Thursday, March 15, 2012

Genopolitics: Evan Charney's Response

In response to my post on Evan Charney's critique of genopolitics and the genetic paradigm, he has sent me the following reply, which I am reproducing in full:

Larry: I appreciate your blog comments and your careful and insightful reading of my paper for Brain and Behavioral Sciences Let me attempt to respond to a few of your remarks regarding the APSR paper.

One thing I would like to highlight in reference to that article is that the same two genes that Fowler and Dawes associated with voting have been associated with every conceivable behavior (and a large number of non-behavioral traits). Readers should look at the following updated version of Table 2:

A specific polymorphism of the MAOA gene has been associated with, among other things, agreeableness, alcoholism, Alzheimer’s disease, anger/aggression, anorexia nervosa, antisocial behavior, attention deficit hyperactivity disorder, attitudes toward longshot risks, auditory evoked potentials, binge drinking, bipolar disorder, bulimia, bone mineral density, borderline personality disorder, chronic fatigue syndrome, conscientiousness, contraception use, cooperativeness, credit card debt, depression, educational continuation, extraversion, facial expressionrecognition, fearfulness, fibromyalgia, gambling, gout, hypertension, insomnia, intelligence, memory, narcolepsy, neuroticism, novelty seeking, openness, pain perception, panic disorder, Parkinson’s disease, persistence, restless legs syndrome, reward dependence, schizophrenia, smoking, social phobia, stress response, success by Wall street professionals, sudden infant death syndrome, temperomandibular disorder, time perception, and Tourette syndrome.

What is going on is data mining on a massive scale: A number of large data sets contain the same polymorphisms of the same five or six genes, with the result that these genes have been associated with every imaginable trait (and for everystudy showing an association, there is another study showing no association).

Regarding the unfortunate terms “genetic determinism” v. “environmental determinism”: The issue from the standpoint of genetics concerns whether or not specific variations in specific polymorphisms contribute to variations in complex human behaviors in such a manner that we can say that the polymorphism is associated with, and presumably plays a causal role in, variation in the behavior in question.

Political behavior and personality are not like cystic fibrosis and sickle cell anemia, i.e. they are not monogenic disorders in which a mutation in a single gene results in the transcription of an abnormal protein that plays a key role in certain metabolic processes and results in the disorder in question.

What we now know of what falls under the rubric of “behavior” is as follows. The most advanced studies concern fruit flies because research allows for kinds of investigation not possible in humans: Variation in anger involves variation in proteins encoded in thousands of genes, with extensive pleiotropy and epistasis (i.e., non-additivity). I particularly recommend Zwarts, et al. 2011. "Complex genetic architecture of Drosophila aggressive behavior." Proceedings of the National Academy of Sciences 108 (41):17070-5. Plasticity means that there is no single route to variation in aggression on the molecular, physiological, and environmental level.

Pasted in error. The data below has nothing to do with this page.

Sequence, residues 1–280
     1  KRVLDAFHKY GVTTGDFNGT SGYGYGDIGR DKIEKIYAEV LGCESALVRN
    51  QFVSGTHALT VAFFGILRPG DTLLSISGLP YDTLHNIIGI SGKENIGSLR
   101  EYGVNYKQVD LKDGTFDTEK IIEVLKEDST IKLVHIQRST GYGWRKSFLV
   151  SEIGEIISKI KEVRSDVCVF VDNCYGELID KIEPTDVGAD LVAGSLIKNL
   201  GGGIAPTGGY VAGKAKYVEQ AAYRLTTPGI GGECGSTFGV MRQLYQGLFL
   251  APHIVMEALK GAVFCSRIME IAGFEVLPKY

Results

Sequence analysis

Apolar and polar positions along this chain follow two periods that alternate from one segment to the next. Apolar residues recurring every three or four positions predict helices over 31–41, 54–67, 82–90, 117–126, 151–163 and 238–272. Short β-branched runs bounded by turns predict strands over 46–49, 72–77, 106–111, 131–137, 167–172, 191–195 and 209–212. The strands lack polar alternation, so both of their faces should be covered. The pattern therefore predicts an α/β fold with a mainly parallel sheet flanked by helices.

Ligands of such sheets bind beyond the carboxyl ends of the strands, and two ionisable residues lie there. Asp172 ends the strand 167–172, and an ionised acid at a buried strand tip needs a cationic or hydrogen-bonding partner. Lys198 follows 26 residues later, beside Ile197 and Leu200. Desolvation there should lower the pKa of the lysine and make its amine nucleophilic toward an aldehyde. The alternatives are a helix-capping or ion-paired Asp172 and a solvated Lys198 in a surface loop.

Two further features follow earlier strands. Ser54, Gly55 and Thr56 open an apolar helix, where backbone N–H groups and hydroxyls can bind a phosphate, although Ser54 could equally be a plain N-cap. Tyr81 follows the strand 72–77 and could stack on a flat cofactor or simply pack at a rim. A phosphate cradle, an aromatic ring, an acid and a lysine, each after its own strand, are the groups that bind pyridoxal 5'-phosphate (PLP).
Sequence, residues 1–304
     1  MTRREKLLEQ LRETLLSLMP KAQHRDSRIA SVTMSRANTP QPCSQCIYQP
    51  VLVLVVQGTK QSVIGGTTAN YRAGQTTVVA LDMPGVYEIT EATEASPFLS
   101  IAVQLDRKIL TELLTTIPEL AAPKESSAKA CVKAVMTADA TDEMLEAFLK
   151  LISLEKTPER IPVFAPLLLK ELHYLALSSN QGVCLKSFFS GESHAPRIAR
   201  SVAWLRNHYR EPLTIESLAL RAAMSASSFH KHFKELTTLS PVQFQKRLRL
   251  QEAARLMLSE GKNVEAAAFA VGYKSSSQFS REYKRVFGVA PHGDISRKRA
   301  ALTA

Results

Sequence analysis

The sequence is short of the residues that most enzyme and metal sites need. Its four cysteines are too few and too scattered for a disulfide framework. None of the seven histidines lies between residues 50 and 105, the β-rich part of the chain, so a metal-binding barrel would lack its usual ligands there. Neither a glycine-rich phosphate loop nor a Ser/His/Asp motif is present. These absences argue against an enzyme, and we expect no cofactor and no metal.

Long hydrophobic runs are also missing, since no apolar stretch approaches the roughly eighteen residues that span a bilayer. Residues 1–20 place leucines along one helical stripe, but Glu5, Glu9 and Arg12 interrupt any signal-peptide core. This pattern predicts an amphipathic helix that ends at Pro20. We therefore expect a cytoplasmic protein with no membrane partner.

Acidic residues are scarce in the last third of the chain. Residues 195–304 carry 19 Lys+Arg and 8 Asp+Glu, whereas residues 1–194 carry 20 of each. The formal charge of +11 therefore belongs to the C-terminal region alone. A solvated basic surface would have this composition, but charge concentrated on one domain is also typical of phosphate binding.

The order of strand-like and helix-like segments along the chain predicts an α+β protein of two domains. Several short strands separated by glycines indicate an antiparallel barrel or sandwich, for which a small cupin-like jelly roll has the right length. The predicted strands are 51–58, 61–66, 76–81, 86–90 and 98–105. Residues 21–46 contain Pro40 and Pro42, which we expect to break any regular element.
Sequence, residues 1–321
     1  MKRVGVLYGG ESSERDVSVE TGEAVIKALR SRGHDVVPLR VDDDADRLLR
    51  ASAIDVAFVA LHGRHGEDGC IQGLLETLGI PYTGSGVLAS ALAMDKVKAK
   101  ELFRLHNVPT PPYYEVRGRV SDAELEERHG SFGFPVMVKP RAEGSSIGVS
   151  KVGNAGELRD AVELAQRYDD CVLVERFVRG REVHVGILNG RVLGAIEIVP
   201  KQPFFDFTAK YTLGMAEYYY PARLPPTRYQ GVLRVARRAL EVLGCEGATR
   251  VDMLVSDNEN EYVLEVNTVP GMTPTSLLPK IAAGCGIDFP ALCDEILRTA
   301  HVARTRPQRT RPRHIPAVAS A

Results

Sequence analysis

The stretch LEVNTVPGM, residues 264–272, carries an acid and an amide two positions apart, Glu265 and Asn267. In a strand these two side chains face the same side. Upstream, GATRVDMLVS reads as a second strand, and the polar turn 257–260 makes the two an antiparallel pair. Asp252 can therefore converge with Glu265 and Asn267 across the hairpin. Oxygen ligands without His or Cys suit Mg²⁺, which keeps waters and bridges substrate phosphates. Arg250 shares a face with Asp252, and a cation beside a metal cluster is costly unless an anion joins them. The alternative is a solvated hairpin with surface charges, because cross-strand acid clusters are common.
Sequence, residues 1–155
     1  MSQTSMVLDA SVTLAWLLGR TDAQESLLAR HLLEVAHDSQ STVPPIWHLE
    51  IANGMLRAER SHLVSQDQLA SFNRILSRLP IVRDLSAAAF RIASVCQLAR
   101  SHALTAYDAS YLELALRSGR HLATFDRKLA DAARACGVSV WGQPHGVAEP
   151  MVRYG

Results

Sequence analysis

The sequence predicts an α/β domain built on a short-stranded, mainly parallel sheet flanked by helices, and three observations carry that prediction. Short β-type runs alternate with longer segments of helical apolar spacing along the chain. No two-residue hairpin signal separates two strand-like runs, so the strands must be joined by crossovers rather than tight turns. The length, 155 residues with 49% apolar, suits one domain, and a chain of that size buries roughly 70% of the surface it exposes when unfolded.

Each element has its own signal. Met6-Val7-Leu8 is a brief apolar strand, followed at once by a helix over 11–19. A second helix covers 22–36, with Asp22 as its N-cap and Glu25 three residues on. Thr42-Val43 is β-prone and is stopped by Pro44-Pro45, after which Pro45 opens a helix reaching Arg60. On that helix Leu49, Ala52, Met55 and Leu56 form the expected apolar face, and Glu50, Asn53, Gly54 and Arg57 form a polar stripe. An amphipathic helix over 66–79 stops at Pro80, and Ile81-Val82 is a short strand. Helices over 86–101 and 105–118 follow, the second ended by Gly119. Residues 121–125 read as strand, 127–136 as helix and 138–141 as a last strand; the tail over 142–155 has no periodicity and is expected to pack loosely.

"Genes" v. "environment" is a false dichotomy (but saying this in no way implies that polymorphisms can predict complex behavior). The gene after all, has to be transcribed, and once we acknowledge that then we are going to need to know, e.g., cellular/physiological factors influencing the transcription of the gene (e.g., epigenetic state of the gene to be transcribed), what cellular physiological factors influence which form of agiven protein synthesized by the cell from the gene (e.g., alternative splicing), what processes influence the manner in which that protein is transferred out of the cell in which it is produced, what homeostatic mechanisms regulate the relevant protein at the relevant level in the relevant tissue (e.g., even if a polymorphism does enable “faster transcription” of a protein by the cell, that in no way automatically translates to more of that protein, since homeostatic mechanisms may serve to counteract any perceived protein or hormonal imbalances. All of these are environmental processes, but the structure of a gene is so intertwined with all of the biological-environmental processes involved in its transcription, translation, and ultimate physiological effect, that the dichotomy gene-environment is a false one.

Every advance in molecular genetics indicates an extraordinary conservation of the genome of species, including plants (corn as noted in the article, has more genes than humans). The key differentiating factor between species is the processes that regulate gene transcription. These facts are a game changer.

We simply cannot predict from the structure of a polymorphism what effect (if any) it is going to have, or is likely to have, on behavior. This is what I mean by "genetic determinism," a perhaps unfortunate usage. All of this is argued at greater length from the perspective of genetics, neurobiology, and evolutionary theory in “Behavior Genetics and Post Genomics,” forthcoming in Behavioral and Brain Sciences.


I suggest that Rebecca Hannagan read this piece carefully and I would be happy to discuss it with her

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